In the last post, I explained the clear definition of different densities. Among these densities, bulk density and apparent density are the two most important values when performing mercury intrusion porosity (MIP) experiment.
Since samples that undergo MIP are usually irregular, the bulk volume is not possible to measure without being immersed in liquid. By the help of MIP, the bulk volume can be measured, thus the bulk density can be calculated simply dividing the mass by bulk volume.
At the end of MIP, the intruded volume of mercury at corresponding pressure is recorded, which means the pore volume is known. As soon as the bulk volume and pore volume are known, the solid volume including closed fine pores is also known. Then the porosity and apparent density are easily calculated.
The density of cement particles is commonly referred as 3.1 g/cm^3, and that of slag and limestone are 2.6 and 2.7 g/cm^3, respectively. You may be curious to know how about the bulk density of cement paste. Are they higher and lower than the raw materials? Are they stable values as curing ages extend and thus more hydration products formed?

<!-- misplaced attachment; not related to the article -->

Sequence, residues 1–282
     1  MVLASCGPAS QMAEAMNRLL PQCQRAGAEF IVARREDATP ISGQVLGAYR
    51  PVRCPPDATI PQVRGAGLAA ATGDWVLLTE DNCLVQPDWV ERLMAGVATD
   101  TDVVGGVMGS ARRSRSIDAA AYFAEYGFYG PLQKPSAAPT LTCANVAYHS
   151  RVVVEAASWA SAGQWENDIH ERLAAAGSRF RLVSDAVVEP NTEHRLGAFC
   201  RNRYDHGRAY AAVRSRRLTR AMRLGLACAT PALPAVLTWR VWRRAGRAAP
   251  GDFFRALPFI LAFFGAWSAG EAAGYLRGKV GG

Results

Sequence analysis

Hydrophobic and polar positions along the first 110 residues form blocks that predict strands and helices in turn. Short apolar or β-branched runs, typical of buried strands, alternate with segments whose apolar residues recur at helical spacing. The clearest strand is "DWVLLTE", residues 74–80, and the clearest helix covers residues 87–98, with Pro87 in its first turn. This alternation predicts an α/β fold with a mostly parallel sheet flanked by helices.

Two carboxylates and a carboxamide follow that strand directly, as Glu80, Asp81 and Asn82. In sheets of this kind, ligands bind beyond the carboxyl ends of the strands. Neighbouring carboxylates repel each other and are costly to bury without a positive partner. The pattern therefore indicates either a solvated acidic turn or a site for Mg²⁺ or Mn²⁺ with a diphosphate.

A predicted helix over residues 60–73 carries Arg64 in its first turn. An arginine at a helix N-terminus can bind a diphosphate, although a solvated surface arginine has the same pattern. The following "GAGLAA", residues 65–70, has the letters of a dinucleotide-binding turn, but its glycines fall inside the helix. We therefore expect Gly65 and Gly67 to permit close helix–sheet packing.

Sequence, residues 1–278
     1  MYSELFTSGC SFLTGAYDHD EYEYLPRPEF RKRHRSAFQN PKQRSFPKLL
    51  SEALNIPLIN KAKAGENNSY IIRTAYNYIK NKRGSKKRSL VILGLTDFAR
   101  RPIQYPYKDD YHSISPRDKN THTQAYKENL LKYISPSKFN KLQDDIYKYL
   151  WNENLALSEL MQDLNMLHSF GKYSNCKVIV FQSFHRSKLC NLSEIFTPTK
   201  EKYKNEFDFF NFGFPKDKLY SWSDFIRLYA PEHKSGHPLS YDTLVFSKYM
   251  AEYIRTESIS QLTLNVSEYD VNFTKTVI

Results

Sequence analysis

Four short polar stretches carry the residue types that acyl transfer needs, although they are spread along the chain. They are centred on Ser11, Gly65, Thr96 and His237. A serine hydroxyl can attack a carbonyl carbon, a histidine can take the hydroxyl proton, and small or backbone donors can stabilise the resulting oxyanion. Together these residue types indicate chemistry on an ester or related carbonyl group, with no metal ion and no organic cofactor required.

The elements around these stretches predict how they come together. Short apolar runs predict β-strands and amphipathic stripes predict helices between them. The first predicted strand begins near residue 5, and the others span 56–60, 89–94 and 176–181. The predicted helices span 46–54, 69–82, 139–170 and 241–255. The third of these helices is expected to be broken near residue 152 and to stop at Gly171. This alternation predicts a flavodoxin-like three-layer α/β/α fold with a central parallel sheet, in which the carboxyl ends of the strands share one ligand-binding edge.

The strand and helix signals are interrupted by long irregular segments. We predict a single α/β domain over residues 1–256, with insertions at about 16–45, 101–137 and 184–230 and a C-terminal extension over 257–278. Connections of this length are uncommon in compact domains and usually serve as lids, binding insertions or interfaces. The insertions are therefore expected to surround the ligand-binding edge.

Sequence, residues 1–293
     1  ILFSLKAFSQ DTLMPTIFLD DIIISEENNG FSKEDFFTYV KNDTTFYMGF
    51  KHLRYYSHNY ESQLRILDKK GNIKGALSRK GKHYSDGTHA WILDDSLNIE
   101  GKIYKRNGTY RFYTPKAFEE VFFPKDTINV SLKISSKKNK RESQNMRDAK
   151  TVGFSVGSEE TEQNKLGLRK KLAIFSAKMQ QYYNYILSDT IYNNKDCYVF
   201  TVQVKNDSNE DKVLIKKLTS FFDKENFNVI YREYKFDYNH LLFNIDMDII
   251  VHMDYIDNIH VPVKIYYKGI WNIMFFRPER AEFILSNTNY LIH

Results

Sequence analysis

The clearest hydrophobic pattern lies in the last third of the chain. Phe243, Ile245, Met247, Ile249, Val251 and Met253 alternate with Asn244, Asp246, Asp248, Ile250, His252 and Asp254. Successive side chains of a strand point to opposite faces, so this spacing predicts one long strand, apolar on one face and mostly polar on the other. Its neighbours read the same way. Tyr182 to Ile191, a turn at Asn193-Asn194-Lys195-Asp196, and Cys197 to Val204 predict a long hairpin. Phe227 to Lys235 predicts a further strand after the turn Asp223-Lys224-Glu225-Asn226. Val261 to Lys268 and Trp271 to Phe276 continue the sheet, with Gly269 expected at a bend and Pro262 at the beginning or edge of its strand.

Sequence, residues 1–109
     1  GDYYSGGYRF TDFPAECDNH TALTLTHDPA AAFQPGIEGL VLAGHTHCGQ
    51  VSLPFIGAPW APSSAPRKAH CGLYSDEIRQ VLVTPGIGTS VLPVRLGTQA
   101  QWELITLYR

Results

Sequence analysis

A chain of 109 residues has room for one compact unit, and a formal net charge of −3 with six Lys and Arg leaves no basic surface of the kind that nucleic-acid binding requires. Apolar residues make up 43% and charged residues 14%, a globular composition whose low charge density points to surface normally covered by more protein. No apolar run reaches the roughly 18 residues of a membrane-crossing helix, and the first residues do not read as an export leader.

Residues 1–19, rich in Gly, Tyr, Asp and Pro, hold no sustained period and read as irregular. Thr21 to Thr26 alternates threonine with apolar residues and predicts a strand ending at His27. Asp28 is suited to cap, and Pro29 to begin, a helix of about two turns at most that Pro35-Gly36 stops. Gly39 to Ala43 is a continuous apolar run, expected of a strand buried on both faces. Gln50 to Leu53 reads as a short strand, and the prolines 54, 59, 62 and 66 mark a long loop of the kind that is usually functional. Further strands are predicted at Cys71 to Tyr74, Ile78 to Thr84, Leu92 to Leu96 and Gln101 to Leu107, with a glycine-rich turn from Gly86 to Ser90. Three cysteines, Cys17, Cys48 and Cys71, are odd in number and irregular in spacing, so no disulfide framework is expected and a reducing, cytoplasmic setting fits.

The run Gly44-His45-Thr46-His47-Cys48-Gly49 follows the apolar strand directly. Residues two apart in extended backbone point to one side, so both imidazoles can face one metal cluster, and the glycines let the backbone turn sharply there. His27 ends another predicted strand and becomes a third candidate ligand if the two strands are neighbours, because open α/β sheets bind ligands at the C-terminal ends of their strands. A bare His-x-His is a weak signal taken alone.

Recently, several cement and blended paste samples of mine have been tested using MIP. I list the bulk density results as below. All the pastes are mixed at water : powder = 0.4, sealed and cured at 20 °C. As each scheduled curing age (1, 3, 7, 14, 28 and 91 days) reaches, the hydration were stopped by liquid nitrogen, and later freeze dried to remove the frozen free water.
Bulk density of hydrating (blended) cement pastes.
From the results, the bulk density of cement or blended cement ranges between 1.4 to 1.8 g/cm^3, much lower than raw material, and blended cement paste, such as the ternary blended cement paste, constantly has lower bulk density. This show that the hydrating blended cement pastes are more porous, which are further confirmed by tested porosity results below.
Porosity of hydrating (blended) cement pastes.